The Socio-Economic Rights Institute of South Africa (Seri) has been left disappointed after the high court in the North West acquitted four senior officers last week over the Marikana massacre almost a decade ago.
The National Prosecuting Authority (NPA) said they were still studying the judgment in order to make an informed decision. North West NPA spokesperson Henry Mamothame said they would issue a statement as soon as they finalised their decision,
Former deputy police provincial commissioner General Mzondase Mpembe and his three co-accused.faced a charge of defeating the ends justice by allegedly concealing information on circumstances surrounding the death of Modisaotsile Segalala who died in police custody when striking miners participated in a wage strike on 16 August 16, 2012.
Mpembe was acquitted with Brigadier Jacobus van Zyl, Brigadier Dingaan Madoda and Lieutenant-Colonel Oupa Pule by the court last week.
The senior officers were acquitted on charges of contravening the Independent Police Investigative Directorate Act by not reporting the death of a miner in the police custody and also contravening the Commissions Act by not disclosing in their report into the death of Segalala in police custody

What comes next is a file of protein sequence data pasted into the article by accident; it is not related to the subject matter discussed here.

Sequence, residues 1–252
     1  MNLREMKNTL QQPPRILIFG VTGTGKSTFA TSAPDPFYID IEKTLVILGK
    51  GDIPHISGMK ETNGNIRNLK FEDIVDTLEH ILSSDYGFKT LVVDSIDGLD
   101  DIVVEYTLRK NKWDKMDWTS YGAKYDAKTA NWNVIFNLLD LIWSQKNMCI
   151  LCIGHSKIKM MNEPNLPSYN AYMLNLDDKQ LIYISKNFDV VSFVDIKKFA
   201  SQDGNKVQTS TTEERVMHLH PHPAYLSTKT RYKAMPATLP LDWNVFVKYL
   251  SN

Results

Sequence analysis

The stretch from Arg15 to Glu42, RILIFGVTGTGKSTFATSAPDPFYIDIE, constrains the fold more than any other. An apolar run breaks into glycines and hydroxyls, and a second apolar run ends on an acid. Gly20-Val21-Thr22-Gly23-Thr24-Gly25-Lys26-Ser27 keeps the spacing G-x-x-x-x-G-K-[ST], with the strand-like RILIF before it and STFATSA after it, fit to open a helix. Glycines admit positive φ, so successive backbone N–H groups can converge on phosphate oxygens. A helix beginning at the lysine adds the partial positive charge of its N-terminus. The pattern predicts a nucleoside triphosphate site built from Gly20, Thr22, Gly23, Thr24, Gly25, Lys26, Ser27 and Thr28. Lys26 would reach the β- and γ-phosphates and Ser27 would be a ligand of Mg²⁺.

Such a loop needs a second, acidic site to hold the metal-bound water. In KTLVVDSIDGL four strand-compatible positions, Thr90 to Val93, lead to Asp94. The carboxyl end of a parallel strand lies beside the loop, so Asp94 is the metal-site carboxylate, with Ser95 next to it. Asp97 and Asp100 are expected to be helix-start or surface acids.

Seri is a non-profit human rights organisation that supports the widows of the Marikana massacre victims.
“The families of the deceased Marikana miners are very disappointed with the outcome of the criminal prosecution of the police alleged to have concealed the circumstances around the death of Segalala. What we know is that Segalala did not die in hospital, there are no records of showing who brought him to the hospital and we know in the commission of the inquiry the SAPS did not disclose that he died in police (custody); now we are told that a probable 30 police officers were aware of this,” said Seri executive director Nomzamo Zondo.
She said that for the families it’s disappointing that no one will account for that, and the information was not given to the Segalala family in 2012 or the commission.
Zondo said the families including the Segalala family are looking forward to what the NPA and the Ipid plan to do.
The decision of the North West High Court came after Police Minister Bheki Cele released a report into policing and crowd management following the massacre almost a decade ago.
Cele also announced last week that more than R176 million has been paid by government to families of the mineworkers who were killed in Marikana.
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